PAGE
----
Posts Tagged Euro Zone

Can Adam Smith Solve the Problem of Youth Unemployment in Europe?

Youth unemployment remains a serious problem in Europe. There is the tiniest glimmer of hope in that the number of young people under 25 unemployed in the Euro zone is 58,000 lower than it was a year ago. But that still leaves 3.4 million without a job.

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Prospect theory: will the Greeks keep a hold of Nurse?

Will 2015 be the year in which fantasy economics in Europe is finally put to the test? Somewhat to the surprise of many commentators, in December the Greek political class failed to elect a new president even after three attempts. Parliament has now been dissolved and an

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Two cheers for the global recovery, but doubts remain in the Euro zone

Worries are growing about some of the countries in the Euro zone slipping back into double dip recession. By convention, a recession is when national output (GDP) has fallen for two successive quarters. But this is far from being news. In a substantial number of economies, output

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A Different View of World Trade: Why National Accounts Can Be Exciting

Imagine that, for some reason, you were forced to choose between having to read a long, turgid novel like Westward Ho or Middlemarch, or a book on the methodology of the national economic accounts. Most people, however reluctantly, would plump for the former. But the latter can

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Forward guidance needed for companies, not consumers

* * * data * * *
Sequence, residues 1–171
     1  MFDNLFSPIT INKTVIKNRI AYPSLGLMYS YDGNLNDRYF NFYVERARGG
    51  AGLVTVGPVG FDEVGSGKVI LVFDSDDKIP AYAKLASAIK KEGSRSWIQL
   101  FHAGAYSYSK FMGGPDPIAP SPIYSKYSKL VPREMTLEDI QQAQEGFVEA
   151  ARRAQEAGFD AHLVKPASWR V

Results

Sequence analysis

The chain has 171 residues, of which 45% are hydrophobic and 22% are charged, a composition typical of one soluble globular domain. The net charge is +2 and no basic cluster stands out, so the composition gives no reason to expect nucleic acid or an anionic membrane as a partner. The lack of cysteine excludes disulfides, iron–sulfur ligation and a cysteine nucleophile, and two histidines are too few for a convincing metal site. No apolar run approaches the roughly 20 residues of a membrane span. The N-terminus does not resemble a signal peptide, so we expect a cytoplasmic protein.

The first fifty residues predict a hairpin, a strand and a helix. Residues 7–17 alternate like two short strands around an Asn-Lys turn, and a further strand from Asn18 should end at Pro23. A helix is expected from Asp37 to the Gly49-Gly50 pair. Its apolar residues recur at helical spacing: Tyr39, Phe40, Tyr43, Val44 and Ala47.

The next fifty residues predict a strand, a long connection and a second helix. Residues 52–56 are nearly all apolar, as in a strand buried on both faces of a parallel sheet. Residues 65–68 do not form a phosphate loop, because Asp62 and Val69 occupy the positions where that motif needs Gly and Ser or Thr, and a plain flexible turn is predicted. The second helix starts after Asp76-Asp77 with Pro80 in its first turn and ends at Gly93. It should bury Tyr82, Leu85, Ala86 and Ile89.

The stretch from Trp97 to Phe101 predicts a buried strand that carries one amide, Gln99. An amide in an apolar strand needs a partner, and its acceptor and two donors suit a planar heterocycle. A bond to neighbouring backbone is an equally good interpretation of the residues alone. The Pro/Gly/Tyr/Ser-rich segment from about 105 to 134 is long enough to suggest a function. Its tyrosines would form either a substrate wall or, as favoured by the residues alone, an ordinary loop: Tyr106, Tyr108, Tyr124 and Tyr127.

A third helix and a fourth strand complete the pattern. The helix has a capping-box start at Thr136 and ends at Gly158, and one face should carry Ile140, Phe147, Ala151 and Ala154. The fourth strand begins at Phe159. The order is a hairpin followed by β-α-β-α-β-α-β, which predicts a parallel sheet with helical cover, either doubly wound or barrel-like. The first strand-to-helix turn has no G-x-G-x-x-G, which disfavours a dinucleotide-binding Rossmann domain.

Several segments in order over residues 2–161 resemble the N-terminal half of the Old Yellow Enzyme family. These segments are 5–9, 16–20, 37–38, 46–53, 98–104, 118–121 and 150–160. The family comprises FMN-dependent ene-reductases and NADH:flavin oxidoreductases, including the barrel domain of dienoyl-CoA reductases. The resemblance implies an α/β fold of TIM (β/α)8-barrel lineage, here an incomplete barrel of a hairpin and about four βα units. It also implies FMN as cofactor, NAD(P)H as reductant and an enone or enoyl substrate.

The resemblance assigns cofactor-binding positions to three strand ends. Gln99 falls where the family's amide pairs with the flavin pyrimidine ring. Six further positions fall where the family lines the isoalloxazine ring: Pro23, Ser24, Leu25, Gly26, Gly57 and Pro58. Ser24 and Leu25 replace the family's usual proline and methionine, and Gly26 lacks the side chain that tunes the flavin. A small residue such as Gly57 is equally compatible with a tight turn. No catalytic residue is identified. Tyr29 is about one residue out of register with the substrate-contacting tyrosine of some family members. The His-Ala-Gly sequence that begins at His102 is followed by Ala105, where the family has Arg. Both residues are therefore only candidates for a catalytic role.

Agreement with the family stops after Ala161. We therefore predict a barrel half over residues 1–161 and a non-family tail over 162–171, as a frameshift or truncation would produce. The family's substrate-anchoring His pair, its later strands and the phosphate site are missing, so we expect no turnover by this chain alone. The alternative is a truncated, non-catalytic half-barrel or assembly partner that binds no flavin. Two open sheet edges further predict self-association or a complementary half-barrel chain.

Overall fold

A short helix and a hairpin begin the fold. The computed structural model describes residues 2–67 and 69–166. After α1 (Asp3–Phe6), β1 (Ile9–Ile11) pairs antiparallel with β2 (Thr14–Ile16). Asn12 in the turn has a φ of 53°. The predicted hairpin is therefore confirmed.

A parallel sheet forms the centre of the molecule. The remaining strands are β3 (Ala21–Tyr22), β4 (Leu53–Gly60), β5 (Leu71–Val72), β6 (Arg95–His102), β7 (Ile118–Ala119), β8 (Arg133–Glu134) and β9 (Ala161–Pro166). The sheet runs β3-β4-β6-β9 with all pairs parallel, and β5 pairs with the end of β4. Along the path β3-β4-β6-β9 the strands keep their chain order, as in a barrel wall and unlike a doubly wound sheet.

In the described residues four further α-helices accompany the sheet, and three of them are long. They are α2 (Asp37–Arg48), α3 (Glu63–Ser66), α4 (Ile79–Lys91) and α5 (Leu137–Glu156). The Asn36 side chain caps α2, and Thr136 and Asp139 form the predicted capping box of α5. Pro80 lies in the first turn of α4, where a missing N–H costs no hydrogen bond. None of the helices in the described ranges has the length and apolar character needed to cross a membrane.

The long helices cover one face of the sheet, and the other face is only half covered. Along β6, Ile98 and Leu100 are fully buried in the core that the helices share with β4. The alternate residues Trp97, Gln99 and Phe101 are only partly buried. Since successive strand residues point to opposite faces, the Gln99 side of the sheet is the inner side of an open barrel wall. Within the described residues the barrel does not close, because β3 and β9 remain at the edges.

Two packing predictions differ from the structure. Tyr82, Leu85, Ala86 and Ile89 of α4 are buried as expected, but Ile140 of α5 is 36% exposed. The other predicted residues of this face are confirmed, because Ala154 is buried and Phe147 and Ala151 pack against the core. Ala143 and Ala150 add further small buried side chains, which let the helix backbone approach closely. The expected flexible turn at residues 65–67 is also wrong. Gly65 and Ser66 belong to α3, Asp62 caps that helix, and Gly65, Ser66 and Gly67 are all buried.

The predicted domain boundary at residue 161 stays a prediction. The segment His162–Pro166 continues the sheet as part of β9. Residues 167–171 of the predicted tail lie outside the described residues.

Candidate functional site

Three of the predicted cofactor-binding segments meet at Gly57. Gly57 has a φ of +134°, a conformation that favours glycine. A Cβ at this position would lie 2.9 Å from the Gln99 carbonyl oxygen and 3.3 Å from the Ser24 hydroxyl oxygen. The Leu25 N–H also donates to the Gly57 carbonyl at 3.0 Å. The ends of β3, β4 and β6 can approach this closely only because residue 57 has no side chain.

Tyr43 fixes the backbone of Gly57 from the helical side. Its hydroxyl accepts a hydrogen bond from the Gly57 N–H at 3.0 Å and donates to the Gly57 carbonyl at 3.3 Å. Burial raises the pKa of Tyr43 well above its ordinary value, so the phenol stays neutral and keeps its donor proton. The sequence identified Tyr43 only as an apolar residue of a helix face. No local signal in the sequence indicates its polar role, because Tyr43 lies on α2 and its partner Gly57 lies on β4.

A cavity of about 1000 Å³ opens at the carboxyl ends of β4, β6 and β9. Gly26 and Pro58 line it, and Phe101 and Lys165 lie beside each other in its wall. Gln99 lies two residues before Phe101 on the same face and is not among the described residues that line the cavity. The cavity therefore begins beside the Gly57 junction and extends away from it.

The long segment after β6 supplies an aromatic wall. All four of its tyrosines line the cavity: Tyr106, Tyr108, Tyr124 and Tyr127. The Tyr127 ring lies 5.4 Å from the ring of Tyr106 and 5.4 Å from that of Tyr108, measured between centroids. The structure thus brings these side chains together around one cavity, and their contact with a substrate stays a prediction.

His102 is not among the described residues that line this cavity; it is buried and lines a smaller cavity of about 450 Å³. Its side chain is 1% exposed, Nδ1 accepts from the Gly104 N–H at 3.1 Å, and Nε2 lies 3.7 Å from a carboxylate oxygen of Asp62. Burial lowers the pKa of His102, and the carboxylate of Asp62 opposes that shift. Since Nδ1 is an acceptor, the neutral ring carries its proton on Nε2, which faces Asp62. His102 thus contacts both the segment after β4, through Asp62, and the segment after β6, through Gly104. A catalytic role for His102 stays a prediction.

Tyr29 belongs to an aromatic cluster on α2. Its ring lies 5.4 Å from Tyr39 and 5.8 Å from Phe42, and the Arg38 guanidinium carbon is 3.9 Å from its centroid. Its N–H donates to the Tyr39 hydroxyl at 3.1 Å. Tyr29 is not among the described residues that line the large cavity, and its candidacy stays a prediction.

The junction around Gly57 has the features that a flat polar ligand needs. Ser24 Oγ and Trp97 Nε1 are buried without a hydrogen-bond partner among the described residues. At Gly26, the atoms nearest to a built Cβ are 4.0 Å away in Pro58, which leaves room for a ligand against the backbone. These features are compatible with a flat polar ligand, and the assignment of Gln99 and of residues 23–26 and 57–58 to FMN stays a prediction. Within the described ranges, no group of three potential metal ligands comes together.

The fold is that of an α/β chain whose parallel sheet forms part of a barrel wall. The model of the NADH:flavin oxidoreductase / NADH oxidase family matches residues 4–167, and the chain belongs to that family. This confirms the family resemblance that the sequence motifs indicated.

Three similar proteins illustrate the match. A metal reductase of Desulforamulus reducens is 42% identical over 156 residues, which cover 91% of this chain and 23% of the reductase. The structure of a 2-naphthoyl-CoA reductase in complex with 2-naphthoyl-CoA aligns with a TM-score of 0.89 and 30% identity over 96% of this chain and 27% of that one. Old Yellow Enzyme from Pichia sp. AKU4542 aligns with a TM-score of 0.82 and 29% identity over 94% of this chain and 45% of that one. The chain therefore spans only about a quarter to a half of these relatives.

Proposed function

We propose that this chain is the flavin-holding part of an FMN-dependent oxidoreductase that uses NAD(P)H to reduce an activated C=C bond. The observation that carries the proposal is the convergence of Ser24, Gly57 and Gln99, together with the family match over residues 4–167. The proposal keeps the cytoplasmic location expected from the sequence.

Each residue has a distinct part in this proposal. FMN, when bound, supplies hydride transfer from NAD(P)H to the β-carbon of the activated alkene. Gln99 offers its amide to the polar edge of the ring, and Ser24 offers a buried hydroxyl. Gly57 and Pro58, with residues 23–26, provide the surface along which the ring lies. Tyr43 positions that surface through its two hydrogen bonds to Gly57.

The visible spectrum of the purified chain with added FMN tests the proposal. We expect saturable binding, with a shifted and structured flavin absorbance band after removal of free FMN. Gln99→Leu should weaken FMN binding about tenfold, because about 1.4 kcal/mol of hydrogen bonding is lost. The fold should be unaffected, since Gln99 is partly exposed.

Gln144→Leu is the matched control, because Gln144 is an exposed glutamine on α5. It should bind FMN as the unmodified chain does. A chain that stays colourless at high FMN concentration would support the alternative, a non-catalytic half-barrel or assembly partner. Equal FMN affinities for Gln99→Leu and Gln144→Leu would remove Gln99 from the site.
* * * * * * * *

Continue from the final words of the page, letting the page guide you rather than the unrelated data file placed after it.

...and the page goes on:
Most of the commentary on the UK’s economic recovery focuses on consumers. Are they taking on too much debt again to finance their spending? Is there a bubble in house prices, as people get excited about bricks and mortar again? Certainly, in terms of its sheer size,

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The recovery is well grounded – except in France

The coming year looks like it will be a good one. At the start of each of the past five years, the economic scales have been tilted down, and the challenge has been to look for factors which might have tipped them back up. This year, the

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No free lunch. Defaults today mean less jam tomorrow

Potential defaults in the Euro zone have been in the news again. In Portugal, the ruling coalition parties and the main opposition Socialists have been unable to agree on a European Union-led bailout plan after days of talks. Yields on the country’s 10 year bonds have approached 7 per

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Sovereign debt and Euro zone reality

The recent debacle in Cyprus has essentially been shrugged off by the markets. The European Central Bank vigorously asserts the crisis in the Euro zone is over. So why is there continued unease about the financial viability of countries such as Spain and Portugal, a morass into

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Our Friends in the North are trapped in a monetary union

Michael Heseltine’s report on economic growth came out last week.  It contains 89 recommendations.  A mere 57 varieties, to recall the famous Heinz slogan, might have connected it more with popular culture. The report has already attracted a lot of comment, mainly that Lord Heseltine seems nostalgic

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